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Thread: Daunte Wright shooting Brooklyn MN

  1. #201
    Old man yelling at cloud OlongJohnson's Avatar
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    Quote Originally Posted by Borderland View Post
    I was thinking more along the lines of some big fat tickets but apparently they don't do that anymore.
    The big spots for that were always the counties north and south of you. Although I was told that the five people pulled over in a mile and a half on Sunday morning on the Duane Berentson bridges was actually the Oak Harbor WASP office, not the Burlington one (in whose "territory" the bridges actually officially were).
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    Not another dime.

  2. #202
    Kinetic Clusterf*ck Guerrero's Avatar
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    Quote Originally Posted by blues View Post
    Maybe, maybe not, if this is the statute...
    So this might be another case of "over-charging"? If such a thing exists, the charge should have been third-degree manslaughter?
    "A harmless man is not a good man. A good man is a very, very dangerous man who has it under voluntary control."
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  3. #203
    Member Trooper224's Avatar
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    Quote Originally Posted by Mystery View Post
    It should be no one gets shot.
    Losing a life over whatever crime or suspicion of crime is horrible.
    Death penalty is an option after trial, not while arresting someone.

    Resisting arrest, point gun. Doesn't pull over, point gun. Walks towards officer, point gun. Suspect has a gun, point gun (of course).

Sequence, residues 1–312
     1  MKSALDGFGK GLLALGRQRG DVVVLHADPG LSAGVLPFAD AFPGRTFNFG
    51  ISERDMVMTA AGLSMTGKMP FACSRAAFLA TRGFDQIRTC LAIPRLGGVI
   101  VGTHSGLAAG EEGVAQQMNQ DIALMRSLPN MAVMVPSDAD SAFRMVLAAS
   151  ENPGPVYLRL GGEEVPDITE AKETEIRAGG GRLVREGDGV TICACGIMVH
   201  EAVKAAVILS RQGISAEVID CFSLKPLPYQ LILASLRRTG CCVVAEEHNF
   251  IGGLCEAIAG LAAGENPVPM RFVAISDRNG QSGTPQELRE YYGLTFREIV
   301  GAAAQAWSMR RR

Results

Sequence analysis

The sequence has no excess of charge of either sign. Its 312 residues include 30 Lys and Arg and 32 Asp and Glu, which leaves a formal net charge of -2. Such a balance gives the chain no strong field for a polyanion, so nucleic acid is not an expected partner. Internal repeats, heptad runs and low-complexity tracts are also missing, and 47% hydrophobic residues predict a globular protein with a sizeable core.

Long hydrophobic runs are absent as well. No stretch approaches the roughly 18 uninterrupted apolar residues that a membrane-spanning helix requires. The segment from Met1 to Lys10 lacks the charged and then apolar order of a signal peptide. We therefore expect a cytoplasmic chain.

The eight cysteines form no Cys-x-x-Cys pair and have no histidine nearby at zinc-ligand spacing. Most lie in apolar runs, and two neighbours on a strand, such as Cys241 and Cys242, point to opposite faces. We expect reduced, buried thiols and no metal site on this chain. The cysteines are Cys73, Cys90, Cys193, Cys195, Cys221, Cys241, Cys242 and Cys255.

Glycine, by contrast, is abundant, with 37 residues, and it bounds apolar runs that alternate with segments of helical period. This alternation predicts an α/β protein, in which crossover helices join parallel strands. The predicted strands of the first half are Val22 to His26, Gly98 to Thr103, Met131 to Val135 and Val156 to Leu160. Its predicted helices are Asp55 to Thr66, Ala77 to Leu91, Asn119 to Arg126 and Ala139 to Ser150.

Regardless of how small or big the situation is, first thing is gun comes out and news happen.
    It's not officers' fault as that's what they have and that's how they are trained but ready to take a citizen's life just because "I'm the LEO, you need to obey or die"...
    That needs to change.
    We need a new invention that can be used to incapacitate suspects, at least the unarmed ones.
    The problem with the VERY broad brush strokes you're painting with is, these situations are far from the norm. Considering the number of contacts law enforcement makes on a daily basis, broken down further into the number of incidents where force is used, yet even further into the incidents in which deadly force is used and it becomes obvious these incidents are the stark exception to the rule. This is not SOP. However, cops just doing their job doesn't boost ratings, advance a political agenda, or provide you with an opportunity to climb up on you box-o-feels and virtue signal with, "It should be that no one gets shot."
    We may lose and we may win, but we will never be hear again.......

  4. #204
    Brass Rat Borderland's Avatar
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    Quote Originally Posted by blues View Post
    Maybe, maybe not, if this is the statute...
    I don't see the officer being prosecuted. Charged maybe, but the DA will have a tough time making a manslaughter charge stick. Of course there will be politics involved. The county where I used to work charged a city cop for manslaughter in the death of one of his children. He left a loaded revolver in his car unsecured for 5 minutes and one of his kids shot a sib with it. Went to trial and the officer was acquitted. The union even got his job back.

    My basis for that is she said taser before she shot the dude. She actually thought she had a taser in her hand. Stress induced accident.
    Last edited by Borderland; 04-14-2021 at 01:13 PM.
    In the P-F basket of deplorables.

  5. #205
    critical race weary blues's Avatar
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    Quote Originally Posted by Guerrero View Post
    So this might be another case of "over-charging"? If such a thing exists, the charge should have been third-degree manslaughter?
    Manslaughter in MN appears to be first or second degree as the only options.
    ...and just like that, I woke up one morning and the America I knew and loved was gone.